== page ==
Learn about common causes of a headache when bending over, including positional headaches, sinus trouble, migraines, cough headaches, and dehydration. Several different types of headaches can cause pain when you bend over. Most are not cause for alarm, but some require medical attention.This article will describe what causes a headache when bending over, risk factors, when to see a healthcare
Several different types of headaches can cause pain when you bend over. Most are not cause for alarm, but some require medical attention.
This article will describe what causes a headache when bending over, risk factors, when to see a healthcare provider, and treatment options.
Blood and cerebrospinal fluid (CSF) circulate throughout your brain and spinal cord, providing a certain amount of intracranial pressure (ICP), or pressure within the head, to support and protect the brain and its blood supply. ICP changes with different positions due to gravity's effect on fluid distribution throughout the body.
When standing upright, ICP naturally decreases due to gravity pulling fluid away from the head. However, when the head is tilted back, inverted, or bent over, ICP increases. This increase in ICP can worsen symptoms of headaches due to the increased pressure within the head.
A sinus headache develops from increased pressure within the sinuses (the four pairs of hollow spaces) of the head and face. It usually starts from inflammation caused by a cold or allergies. Increased ICP can aggravate already inflamed sinuses and produce a headache.
A migraine is a neurological condition that can cause a severe throbbing headache, sensitivity to light and sound, nausea, and vomiting. Increased ICP that occurs from bending over will compound the intensity of head pain with migraines.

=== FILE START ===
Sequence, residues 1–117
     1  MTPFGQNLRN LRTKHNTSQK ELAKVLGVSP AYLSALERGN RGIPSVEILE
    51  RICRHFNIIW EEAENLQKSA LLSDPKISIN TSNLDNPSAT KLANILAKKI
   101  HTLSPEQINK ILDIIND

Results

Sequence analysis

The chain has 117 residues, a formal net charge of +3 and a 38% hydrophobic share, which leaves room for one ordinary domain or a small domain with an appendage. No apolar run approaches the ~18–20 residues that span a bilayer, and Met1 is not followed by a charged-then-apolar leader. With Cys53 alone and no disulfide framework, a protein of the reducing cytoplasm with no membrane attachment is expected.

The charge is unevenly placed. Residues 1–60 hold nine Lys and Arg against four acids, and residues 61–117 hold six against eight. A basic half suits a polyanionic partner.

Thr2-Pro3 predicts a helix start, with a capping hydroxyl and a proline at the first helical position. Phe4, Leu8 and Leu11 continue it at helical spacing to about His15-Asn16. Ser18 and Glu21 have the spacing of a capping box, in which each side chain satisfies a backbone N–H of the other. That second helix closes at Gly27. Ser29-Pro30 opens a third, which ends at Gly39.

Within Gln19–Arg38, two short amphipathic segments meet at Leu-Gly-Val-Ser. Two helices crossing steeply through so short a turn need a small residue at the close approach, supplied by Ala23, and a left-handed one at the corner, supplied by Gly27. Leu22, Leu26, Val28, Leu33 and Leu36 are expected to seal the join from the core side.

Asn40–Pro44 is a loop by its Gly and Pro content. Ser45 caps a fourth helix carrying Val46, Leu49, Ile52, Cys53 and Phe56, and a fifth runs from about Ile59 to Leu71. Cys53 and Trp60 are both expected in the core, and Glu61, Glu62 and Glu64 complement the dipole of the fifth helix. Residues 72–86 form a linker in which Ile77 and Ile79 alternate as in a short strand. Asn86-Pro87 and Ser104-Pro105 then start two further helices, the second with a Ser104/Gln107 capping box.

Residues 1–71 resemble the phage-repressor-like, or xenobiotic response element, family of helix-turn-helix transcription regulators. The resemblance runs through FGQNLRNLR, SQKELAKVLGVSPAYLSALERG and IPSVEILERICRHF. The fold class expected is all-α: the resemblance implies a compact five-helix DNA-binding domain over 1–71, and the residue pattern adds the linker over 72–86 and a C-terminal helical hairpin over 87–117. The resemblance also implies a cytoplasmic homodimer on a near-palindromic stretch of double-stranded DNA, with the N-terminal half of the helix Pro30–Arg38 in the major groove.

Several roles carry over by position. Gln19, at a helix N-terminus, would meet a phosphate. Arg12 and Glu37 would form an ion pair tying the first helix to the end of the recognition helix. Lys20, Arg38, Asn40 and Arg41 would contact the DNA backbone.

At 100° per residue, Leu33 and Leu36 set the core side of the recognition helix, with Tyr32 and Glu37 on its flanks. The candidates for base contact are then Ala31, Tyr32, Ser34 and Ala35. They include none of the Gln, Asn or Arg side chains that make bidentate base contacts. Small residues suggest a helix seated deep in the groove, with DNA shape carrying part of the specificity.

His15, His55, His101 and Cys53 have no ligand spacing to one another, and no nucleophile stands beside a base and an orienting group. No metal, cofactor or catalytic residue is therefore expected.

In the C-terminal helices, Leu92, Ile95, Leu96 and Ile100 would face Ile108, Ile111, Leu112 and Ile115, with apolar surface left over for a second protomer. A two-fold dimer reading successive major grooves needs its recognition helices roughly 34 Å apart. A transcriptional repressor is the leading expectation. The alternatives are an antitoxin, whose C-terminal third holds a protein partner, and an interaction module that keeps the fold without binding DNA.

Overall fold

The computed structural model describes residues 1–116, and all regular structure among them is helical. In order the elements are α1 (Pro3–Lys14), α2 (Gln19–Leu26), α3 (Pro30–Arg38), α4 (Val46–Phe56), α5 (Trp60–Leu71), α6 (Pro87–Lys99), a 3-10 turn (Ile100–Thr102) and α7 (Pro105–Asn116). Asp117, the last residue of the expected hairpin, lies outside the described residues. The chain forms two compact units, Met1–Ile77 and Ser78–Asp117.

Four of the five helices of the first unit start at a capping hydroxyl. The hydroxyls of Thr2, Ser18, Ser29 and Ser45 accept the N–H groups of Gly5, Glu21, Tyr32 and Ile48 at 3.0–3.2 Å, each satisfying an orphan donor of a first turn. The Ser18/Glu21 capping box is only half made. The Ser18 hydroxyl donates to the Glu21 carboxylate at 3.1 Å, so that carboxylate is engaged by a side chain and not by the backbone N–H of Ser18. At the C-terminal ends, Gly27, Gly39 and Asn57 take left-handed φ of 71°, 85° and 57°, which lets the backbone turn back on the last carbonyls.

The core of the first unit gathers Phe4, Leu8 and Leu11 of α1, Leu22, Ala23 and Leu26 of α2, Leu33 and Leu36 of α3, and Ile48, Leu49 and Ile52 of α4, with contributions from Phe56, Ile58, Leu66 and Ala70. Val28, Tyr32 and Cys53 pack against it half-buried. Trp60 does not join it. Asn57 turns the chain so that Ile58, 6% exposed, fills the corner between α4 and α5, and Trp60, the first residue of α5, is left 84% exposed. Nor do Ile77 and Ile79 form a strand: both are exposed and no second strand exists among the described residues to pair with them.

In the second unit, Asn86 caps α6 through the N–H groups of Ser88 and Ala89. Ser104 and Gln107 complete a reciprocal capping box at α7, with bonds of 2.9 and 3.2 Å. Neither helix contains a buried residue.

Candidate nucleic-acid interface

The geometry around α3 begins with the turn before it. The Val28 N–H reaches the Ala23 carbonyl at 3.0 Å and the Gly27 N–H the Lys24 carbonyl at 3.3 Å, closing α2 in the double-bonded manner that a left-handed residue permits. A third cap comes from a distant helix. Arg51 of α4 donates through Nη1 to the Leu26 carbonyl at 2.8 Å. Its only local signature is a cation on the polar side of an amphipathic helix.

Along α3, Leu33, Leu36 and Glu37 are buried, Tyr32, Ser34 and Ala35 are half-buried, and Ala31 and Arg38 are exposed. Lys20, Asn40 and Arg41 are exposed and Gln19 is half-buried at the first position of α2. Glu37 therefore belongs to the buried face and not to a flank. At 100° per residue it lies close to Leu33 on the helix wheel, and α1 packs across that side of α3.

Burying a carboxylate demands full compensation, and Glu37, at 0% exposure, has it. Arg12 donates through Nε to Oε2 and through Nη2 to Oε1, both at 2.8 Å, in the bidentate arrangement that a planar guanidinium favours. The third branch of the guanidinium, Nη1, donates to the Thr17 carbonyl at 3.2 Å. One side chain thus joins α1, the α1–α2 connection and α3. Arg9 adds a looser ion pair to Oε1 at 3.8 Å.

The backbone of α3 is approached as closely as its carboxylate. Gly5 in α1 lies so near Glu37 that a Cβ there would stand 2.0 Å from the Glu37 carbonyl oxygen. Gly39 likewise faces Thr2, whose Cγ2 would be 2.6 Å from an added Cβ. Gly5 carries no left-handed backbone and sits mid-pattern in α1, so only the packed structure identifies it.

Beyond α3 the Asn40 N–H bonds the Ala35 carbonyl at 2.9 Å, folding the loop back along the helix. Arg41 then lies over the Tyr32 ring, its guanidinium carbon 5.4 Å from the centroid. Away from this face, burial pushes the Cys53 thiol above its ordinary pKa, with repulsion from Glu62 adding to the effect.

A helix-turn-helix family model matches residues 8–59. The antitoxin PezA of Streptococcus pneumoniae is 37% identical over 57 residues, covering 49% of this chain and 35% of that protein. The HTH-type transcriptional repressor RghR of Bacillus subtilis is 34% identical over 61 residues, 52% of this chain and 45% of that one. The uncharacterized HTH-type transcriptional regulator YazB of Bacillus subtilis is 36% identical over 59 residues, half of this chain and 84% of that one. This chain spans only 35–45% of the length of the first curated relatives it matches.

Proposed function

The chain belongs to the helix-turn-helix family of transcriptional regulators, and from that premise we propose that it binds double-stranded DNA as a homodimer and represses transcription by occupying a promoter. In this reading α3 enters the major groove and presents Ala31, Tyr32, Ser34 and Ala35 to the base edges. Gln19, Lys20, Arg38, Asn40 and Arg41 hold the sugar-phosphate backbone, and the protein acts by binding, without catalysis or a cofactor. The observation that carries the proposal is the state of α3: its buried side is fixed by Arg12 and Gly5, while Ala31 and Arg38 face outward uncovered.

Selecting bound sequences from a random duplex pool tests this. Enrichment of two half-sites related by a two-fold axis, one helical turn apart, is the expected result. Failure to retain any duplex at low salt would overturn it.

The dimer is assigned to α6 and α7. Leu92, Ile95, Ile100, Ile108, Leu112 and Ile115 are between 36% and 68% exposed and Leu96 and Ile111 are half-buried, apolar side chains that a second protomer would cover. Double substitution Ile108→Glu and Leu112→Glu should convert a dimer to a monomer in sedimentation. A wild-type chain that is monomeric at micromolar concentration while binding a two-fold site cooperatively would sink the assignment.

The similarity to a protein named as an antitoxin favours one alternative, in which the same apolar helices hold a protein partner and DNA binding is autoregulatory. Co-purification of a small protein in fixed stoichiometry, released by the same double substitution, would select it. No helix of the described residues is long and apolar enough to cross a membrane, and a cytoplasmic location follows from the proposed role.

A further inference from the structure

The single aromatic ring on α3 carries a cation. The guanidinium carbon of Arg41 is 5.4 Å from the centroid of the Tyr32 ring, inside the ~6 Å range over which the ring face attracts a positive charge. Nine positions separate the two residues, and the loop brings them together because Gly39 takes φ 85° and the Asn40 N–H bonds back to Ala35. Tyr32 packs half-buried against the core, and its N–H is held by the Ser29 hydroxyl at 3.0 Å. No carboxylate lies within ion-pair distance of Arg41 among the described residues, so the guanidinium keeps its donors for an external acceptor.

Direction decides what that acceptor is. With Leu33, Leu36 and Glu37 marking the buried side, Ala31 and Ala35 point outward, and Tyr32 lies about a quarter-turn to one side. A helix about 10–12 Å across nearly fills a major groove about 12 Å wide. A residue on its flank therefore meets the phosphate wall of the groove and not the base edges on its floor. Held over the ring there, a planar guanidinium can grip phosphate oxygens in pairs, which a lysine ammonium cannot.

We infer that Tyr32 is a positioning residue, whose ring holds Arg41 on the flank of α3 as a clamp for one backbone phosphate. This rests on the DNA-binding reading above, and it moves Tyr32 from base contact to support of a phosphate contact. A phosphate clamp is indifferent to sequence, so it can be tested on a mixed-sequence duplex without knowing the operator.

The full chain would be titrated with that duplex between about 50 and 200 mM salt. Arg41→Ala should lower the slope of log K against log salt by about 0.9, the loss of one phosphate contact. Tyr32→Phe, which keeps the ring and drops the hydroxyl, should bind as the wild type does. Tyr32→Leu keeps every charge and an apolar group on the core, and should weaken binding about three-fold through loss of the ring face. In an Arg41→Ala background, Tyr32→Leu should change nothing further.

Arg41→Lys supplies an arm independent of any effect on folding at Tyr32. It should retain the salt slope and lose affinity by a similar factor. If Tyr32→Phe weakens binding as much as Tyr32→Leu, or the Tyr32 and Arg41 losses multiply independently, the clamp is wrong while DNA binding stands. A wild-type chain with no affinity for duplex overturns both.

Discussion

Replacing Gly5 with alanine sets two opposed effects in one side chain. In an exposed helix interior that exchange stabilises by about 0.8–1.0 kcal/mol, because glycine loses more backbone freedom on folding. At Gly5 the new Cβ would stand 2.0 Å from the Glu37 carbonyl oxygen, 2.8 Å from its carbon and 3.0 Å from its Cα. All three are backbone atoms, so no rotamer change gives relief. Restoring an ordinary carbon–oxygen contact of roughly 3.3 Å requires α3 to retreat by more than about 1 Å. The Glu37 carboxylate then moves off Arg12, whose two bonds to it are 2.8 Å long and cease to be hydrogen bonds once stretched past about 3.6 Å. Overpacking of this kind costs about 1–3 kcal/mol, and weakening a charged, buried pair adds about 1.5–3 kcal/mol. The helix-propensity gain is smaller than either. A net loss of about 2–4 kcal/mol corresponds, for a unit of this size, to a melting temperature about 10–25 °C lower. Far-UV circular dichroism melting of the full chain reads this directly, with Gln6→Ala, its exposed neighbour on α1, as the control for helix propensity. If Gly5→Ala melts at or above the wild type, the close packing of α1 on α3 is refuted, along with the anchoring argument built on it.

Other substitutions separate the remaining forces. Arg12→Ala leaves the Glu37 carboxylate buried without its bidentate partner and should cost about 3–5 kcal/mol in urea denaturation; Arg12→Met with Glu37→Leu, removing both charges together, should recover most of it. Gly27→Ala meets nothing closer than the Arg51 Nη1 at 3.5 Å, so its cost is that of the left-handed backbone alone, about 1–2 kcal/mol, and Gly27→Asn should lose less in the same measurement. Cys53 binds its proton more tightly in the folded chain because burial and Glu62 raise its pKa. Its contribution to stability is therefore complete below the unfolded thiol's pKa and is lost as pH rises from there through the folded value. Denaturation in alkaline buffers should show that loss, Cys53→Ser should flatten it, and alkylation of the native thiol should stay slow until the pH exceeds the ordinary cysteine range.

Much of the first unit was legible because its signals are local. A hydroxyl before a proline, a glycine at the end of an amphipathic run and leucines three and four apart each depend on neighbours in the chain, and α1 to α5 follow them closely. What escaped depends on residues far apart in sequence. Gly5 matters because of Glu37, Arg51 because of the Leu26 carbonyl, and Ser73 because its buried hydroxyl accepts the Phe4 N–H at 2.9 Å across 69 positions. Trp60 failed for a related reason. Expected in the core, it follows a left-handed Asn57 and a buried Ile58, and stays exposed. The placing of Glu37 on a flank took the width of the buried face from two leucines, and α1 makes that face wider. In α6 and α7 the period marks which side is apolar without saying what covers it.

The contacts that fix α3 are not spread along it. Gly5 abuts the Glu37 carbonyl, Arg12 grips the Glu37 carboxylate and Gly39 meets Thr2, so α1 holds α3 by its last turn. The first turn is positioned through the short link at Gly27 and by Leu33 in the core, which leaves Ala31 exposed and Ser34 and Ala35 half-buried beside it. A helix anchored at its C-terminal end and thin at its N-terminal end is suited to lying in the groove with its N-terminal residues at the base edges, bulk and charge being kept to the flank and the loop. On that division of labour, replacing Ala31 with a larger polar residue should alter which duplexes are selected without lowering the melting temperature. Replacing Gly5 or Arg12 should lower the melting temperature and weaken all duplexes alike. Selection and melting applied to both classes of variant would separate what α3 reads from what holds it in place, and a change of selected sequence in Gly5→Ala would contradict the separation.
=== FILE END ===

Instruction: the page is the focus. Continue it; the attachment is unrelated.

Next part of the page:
A dehydration headache results from a lack of fluids within the body, which causes head pain due to inadequate fluid balance. Increased ICP causes a force of pressure within the head, further constricting blood vessels and worsening a dehydration headache. Dehydration can come from vomiting, having diarrhea, or not drinking enough water.
A cough headache is a sudden headache that occurs after coughing, sneezing, laughing, straining, or bending over. It's caused by the increased pressure that develops within the head and body from the force of these movements.
Orthostatic, or positional, headaches are caused by upright posture and are usually relieved by lying down. These types of headaches can get worse when bending over. Positional headaches can result from a CSF leak, cervicogenic headache (pain transfers from the neck to the head), or postural orthostatic tachycardia (rapid heart rate) syndrome.
A CSF leak occurs when there is a tear in the outermost layer surrounding the brain (dura mater) or a fracture to one of the bones in the skull. If there is a tear in the dura mater or a skull fracture, CSF can leak out from the brain through the nose and ears.
In addition to drainage from the nose and ears, a CSF leak can also cause headaches, ringing in the ears (tinnitus), vision problems, and meningitis. These symptoms tend to increase with increased ICP, which can occur from certain positions like bending over.